Sharqawy:  Air traffic between Egypt and Yemen was halted with the start of the military operation. One can leave Yemen only by land or sea. Indeed, we have taken practical steps to help the Egyptians in Yemen who wish to return to their country. The Egyptian Foreign Ministry has set up a national crisis center for Yemen, which I preside over personally. We are working 24 hours a day, seven days a week, taking calls from Egyptians who wish to return. We have also communicated with Yemen’s neighbors to coordinate the arrival of Egyptians there and then their return to [Egypt]. Contacts with Saudi Arabia, Yemen’s northern neighbor, resulted in an agreement to facilitate the passage of Egyptians through the Tawwal crossing in the city of Jizan — the crossing is open 24 hours — as well as the al-Wadia and al-Khadraa crossings, which operate only in the morning because they are located in mountainous areas and are accessed through rugged roads. We also agreed with Omani officials, through Egypt’s ambassador in Muscat, to open the al-Mazyona and al-Sarfait crossings so that Egyptians can exit through them. Regarding the sea route, those residing there should go to the sea port of Aden and then to Djibouti, where the Egyptian Embassy will receive them and secure their return to Egypt.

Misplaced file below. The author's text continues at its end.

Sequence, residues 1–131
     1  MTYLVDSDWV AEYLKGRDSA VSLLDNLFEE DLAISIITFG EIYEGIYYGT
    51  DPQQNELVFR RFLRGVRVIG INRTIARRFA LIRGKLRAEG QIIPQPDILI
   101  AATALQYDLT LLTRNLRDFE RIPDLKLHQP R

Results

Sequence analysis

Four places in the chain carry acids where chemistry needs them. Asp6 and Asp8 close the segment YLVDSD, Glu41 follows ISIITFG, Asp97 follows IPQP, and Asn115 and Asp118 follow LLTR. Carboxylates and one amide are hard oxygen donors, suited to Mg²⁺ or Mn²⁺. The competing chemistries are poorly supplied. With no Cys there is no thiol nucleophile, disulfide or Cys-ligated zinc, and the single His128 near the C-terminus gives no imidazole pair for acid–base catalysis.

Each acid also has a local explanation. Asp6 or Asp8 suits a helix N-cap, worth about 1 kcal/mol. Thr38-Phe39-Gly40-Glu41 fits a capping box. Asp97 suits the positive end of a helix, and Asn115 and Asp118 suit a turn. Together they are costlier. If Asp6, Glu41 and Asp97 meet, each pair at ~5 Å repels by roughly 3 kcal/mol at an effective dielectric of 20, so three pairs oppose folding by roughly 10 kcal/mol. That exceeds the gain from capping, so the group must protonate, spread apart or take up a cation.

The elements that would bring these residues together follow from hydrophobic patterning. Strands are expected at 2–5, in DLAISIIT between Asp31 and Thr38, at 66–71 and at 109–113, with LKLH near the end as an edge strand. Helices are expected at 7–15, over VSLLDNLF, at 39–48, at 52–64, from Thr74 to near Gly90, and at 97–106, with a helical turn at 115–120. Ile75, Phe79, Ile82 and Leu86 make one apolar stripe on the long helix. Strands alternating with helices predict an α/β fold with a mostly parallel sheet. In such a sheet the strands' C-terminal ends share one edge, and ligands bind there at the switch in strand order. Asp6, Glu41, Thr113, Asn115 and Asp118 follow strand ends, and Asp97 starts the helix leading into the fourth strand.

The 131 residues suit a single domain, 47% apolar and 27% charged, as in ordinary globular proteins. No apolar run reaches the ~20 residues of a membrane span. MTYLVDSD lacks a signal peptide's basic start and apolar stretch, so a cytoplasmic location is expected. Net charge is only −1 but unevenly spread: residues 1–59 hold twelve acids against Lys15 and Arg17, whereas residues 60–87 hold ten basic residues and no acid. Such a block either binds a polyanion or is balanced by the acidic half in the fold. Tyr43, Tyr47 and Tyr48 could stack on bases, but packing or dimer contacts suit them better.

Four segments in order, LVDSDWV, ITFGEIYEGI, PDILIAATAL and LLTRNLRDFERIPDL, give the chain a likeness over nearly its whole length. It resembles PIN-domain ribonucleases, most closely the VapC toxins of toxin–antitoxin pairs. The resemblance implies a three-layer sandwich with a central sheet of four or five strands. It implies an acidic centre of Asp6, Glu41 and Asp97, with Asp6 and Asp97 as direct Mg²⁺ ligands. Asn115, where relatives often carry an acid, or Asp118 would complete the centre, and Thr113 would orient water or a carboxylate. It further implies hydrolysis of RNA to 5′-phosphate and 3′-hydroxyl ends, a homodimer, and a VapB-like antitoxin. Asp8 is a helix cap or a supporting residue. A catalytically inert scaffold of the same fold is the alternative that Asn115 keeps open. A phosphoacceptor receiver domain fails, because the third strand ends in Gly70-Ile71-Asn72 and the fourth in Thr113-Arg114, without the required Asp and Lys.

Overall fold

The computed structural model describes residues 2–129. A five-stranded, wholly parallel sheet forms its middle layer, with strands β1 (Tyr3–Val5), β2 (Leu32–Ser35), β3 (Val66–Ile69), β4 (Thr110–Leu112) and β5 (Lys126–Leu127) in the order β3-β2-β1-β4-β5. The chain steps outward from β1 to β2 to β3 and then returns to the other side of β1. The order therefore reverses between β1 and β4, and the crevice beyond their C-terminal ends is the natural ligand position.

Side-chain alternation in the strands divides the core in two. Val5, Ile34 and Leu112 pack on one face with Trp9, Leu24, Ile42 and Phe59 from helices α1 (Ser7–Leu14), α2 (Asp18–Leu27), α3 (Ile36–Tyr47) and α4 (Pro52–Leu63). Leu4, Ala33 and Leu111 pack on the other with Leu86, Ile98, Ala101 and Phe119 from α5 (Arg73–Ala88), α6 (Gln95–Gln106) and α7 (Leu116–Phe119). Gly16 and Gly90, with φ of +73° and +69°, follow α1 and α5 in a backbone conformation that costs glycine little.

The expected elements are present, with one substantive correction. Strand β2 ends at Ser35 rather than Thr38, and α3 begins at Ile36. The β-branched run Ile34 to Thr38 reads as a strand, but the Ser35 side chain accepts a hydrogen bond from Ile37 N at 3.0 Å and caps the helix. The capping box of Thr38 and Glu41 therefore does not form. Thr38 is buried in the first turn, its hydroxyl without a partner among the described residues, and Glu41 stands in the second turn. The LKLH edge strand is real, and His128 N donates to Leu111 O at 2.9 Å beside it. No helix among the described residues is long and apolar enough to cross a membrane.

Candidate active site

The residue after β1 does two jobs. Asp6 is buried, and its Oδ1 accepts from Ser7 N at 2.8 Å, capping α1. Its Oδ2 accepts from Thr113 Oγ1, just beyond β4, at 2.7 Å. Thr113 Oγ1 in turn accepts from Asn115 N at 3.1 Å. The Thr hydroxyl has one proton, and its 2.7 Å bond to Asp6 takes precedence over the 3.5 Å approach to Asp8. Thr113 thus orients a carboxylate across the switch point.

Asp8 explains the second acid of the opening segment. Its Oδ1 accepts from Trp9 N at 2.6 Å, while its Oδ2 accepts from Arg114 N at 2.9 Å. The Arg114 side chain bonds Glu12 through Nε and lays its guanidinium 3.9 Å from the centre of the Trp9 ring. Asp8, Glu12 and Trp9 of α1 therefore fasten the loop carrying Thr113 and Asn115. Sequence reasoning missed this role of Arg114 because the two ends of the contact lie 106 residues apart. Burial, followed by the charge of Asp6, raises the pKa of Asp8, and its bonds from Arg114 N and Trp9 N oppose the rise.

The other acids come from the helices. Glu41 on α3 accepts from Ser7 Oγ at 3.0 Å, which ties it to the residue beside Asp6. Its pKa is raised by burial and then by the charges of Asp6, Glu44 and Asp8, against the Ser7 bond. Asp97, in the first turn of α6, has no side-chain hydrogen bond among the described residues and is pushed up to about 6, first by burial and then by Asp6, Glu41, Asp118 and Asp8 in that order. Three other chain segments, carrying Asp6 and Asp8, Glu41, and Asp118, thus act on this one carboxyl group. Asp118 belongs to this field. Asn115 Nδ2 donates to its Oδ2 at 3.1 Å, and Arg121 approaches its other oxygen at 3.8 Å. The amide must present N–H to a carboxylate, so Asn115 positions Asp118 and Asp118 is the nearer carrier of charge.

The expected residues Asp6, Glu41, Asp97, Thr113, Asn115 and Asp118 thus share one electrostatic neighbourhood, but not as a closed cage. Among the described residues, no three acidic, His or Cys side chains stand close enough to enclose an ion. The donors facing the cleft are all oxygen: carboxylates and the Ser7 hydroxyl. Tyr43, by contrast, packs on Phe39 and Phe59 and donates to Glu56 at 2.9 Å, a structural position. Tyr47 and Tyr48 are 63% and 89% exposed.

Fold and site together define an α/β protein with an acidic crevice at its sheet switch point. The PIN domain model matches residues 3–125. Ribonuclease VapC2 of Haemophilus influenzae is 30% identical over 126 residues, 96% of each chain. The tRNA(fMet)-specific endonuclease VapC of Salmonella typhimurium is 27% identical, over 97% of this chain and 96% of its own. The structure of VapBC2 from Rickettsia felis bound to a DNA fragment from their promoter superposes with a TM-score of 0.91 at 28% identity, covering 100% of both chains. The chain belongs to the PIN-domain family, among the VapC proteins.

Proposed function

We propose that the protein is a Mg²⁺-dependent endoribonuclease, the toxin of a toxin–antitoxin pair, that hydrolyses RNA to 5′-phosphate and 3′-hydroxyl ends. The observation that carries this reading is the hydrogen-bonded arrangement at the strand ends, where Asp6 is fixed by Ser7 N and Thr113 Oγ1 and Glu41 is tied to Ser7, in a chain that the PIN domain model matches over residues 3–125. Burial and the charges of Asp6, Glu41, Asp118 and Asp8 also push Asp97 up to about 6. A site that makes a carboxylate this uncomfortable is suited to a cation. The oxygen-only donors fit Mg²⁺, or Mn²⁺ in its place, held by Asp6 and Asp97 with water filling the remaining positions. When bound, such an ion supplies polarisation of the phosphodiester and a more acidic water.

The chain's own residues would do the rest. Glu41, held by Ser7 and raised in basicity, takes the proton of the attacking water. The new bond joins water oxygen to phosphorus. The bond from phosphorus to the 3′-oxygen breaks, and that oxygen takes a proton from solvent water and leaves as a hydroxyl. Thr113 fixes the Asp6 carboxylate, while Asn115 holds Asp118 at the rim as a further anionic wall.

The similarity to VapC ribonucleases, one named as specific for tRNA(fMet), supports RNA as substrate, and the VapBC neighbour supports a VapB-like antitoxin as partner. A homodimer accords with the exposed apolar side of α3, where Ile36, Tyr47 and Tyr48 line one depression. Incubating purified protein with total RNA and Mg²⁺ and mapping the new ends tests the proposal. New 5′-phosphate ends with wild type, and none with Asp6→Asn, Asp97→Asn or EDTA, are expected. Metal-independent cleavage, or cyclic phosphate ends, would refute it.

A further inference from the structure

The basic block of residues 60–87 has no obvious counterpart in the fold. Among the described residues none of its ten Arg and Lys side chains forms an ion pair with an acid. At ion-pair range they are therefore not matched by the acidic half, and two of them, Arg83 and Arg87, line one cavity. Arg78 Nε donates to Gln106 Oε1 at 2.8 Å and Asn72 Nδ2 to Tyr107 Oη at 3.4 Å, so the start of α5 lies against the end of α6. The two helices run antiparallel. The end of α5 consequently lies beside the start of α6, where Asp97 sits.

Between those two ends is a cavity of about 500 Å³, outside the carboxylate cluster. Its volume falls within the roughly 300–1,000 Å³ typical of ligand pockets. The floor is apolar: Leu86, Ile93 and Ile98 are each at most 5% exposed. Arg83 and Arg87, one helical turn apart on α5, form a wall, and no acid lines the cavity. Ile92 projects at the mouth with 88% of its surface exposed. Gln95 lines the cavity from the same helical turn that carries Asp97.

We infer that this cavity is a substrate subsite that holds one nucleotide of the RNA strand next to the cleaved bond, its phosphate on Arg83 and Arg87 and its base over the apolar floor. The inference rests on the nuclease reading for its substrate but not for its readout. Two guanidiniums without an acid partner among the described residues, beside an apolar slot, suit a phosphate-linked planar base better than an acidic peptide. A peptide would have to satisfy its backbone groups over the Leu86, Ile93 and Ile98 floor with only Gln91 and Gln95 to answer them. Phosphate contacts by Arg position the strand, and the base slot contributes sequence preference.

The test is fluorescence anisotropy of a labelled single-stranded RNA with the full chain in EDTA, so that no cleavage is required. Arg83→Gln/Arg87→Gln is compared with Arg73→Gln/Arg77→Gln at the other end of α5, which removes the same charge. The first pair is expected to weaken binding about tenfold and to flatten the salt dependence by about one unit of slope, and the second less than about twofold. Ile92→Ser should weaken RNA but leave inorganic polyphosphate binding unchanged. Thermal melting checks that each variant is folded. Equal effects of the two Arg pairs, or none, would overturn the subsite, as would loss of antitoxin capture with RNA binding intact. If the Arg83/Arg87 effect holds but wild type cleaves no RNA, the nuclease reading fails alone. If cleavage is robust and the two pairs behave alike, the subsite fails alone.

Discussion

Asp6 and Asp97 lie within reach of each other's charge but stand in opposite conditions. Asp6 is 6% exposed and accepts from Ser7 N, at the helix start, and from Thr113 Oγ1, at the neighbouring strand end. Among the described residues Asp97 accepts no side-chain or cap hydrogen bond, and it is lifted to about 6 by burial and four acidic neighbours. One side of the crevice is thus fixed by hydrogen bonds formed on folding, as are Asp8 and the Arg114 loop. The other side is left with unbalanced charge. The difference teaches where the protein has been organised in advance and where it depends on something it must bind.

Al-Monitor:  Many Egyptians stranded in Yemeni cities have complained that the Foreign Ministry has not communicated with them to assist them. They also accused you of leaving Yemen and leaving [Egyptian] citizens there without help. How do you respond?

Sharqawy:  If the ministry didn’t communicate with them, then how were so many able to leave Yemen and reach Egypt? We have dedicated two phone lines for the operations room helping Egyptians in Yemen — 01211113235-36 and 01220463333 — which they use to contact us and discuss their problems. I do not want to talk about the accusations directed against me. All I care about now is communicating with the Egyptians there and coordinating with officials to facilitate the return of those who wish to return. This is the focus of the crisis center set up at the Foreign Ministry.